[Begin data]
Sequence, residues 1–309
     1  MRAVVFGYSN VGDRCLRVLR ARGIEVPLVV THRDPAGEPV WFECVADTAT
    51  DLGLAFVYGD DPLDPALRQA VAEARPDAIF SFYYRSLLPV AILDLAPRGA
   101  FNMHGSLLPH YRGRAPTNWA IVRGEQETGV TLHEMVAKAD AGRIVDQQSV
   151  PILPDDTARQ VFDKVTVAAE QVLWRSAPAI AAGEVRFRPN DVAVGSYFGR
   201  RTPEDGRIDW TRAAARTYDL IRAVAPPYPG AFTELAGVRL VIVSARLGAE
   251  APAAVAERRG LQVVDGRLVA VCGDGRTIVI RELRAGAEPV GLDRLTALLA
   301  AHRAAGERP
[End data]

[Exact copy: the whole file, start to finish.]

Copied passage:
Sequence, residues 1–309
     1  MRAVVFGYSN VGDRCLRVLR ARGIEVPLVV THRDPAGEPV WFECVADTAT
    51  DLGLAFVYGD DPLDPALRQA VAEARPDAIF SFYYRSLLPV AILDLAPRGA
   101  FNMHGSLLPH YRGRAPTNWA IVRGEQETGV TLHEMVAKAD AGRIVDQQSV
   151  PILPDDTARQ VFDKVTVAAE QVLWRSAPAI AAGEVRFRPN DVAVGSYFGR
   201  RTPEDGRIDW TRAAARTYDL IRAVAPPYPG AFTELAGVRL VIVSARLGAE
   251  APAAVAERRG LQVVDGRLVA VCGDGRTIVI RELRAGAEPV GLDRLTALLA
   301  AHRAAGERP